Will the Offshore Petroleum Licensing Bill improve energy security?

Does the government’s claim that the Offshore Petroleum Licensing Bill will improve energy security actually stack up? Thomas Perrett reports.

Sea kayakers pass an oil rig on September 8, 2020 in Cromarty, Scotland. Credit: Getty Images/Peter Summers.

The government has claimed that its Offshore Petroleum Licensing Bill aims to “make the UK more energy independent,” and will “safeguard domestic energy supplies”, but this has been met with criticism from scientists, environmental campaign groups and NGOs, and some Conservative MPs, who dispute that prolonged fossil fuel extraction will improve energy security.

Indeed, the Bill has created a rift within the Conservative Party. MP Chris Skidmore, who, in 2023, published an independent review into the government’s net zero policies, resigned following what he described as “the government's decision to prioritise and politicise new oil and gas licences above a sensible investment plan for the future”. 

New tests for oil and gas licensing applications

Under the new Bill, the North Sea Transition Authority (NSTA) will apply two tests to new oil and gas licensing applications, firstly to determine if the carbon intensity of domestically produced gas is lower than imported gas, and secondly a test to determine if Britain will be a net importer of oil and gas over a 15-year period.

Despite government claims that the Offshore Petroleum Licensing Bill will “require annual oil and gas licensing rounds subject to stringent new emissions and imports tests”, these climate compatibility criteria have been criticised for using misleading data.

Beth Walker, senior policy advisor at think tank E3G, disputed that domestically produced gas was four times cleaner than imported gas, telling ENDS that “this figure comes from comparing UK gas production to the very dirtiest kind of gas imported into the UK (LNG)”. 

Norwegian gas versus UK gas production

“The focus on LNG obscures the fact that the main source of UK gas imports, Norwegian gas, is actually two times cleaner than UK gas production,” Walker argued.

“Even if we limit the comparison to LNG imports, taking into account all of the emissions from UK gas, those imports are only 17% more polluting, not 400% more polluting,” she added.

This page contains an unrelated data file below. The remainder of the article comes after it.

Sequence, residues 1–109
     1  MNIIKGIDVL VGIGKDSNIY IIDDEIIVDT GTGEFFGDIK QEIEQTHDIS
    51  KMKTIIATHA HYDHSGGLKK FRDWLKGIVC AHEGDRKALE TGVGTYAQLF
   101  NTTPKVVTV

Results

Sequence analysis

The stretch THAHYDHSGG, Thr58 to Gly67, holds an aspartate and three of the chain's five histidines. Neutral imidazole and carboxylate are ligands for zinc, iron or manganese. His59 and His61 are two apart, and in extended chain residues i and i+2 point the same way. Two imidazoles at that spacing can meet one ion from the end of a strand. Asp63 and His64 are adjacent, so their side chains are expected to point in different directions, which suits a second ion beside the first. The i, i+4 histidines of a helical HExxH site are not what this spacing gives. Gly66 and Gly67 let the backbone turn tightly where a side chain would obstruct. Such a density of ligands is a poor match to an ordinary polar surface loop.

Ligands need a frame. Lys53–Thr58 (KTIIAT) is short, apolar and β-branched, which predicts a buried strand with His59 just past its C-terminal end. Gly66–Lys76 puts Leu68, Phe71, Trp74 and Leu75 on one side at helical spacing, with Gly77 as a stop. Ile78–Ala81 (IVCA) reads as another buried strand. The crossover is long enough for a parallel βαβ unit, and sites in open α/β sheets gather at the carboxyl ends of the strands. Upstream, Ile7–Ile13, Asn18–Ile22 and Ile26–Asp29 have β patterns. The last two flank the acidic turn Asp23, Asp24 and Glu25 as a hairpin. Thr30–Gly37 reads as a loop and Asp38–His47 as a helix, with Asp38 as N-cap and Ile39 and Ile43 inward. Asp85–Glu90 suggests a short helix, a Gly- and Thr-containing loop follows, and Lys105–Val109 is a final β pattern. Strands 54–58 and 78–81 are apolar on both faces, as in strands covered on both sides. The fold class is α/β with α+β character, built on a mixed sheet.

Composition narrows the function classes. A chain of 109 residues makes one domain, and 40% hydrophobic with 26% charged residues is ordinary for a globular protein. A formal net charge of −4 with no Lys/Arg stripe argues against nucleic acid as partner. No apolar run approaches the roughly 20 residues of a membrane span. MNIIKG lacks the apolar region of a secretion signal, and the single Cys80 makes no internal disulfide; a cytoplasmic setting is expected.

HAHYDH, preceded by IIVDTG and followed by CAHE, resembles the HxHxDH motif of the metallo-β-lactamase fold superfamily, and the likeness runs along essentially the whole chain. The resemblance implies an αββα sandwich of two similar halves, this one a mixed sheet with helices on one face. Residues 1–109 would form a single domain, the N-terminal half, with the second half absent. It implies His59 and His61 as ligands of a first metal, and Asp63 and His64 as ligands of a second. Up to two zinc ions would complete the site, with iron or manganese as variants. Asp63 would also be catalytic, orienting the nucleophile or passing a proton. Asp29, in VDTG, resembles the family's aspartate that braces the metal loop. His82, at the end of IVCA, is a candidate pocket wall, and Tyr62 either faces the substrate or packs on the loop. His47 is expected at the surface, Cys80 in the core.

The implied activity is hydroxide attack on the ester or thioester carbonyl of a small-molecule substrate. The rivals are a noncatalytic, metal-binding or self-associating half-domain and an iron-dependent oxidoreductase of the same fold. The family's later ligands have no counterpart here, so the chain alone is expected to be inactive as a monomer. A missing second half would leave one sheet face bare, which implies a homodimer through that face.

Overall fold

“UK gas is in the bottom half of the global league table for overall cleanliness, and [it] is twice as polluting as Norwegian gas, which is the major source of our imports”.

Richard Collett-White, an analyst at Carbon Tracker, observed that government estimates had failed to account for the total emissions from domestically produced gas. 

Collett-White told ENDS that “LNG does have higher operational emissions than North Sea gas, but the vast majority of the lifecycle emissions of gas come from burning it”, and added: “when you factor in those end-use emissions, the difference is slim. More drilling means higher global supply and more emissions.”

Indeed, Neil Verlander, of Friends of the Earth, told ENDS that: “Over 90% of the emissions from gas come from burning it at the end, not from extracting and transporting it”.

“Where we get our oil and gas will not make a significant difference on emissions. What matters is extracting and burning fewer fossil fuels,” Verlander added.

Energy bills and security

The extraction of new oil and gas is also unlikely to reduce energy bills or to establish domestic energy security.

Beth Walker observed that “most of what’s left in the UK North Sea (around 70%) is oil”, which campaigners have warned will have to be exported due to its incompatibility with British refineries. 

Meanwhile, North Sea gas production has declined by two thirds since 2000, according to the NSTA’s figures, issuing that new licences would result in a 95% decline by 2050, as opposed to a 97% decline otherwise. 

Damaging the UK’s international green credentials

Walker argued that the Bill will “further damage the UK’s international green credentials, following the recent global agreement to transition away from fossil fuels at COP”, and “sends confusing signals to investors as the government is propping up a declining industry”.

Indeed, as the production of new North Sea infrastructure can take around 18 years, investors risk stranded assets, owing to the stringency of international decarbonisation obligations and the availability of alternative, cheaper sources of energy.

Furthermore, Richard Collett-White stated that “further developments will have no meaningful impact on our energy bills because the oil and gas will be sold on the open market”. 

“The North Sea is in terminal decline and the government would bolster energy security far more by accelerating the shift away from oil and gas – with renewables, energy efficiency, electric vehicles and heat pumps,” he added.

“Even the sector’s regulator has said this bill is unnecessary.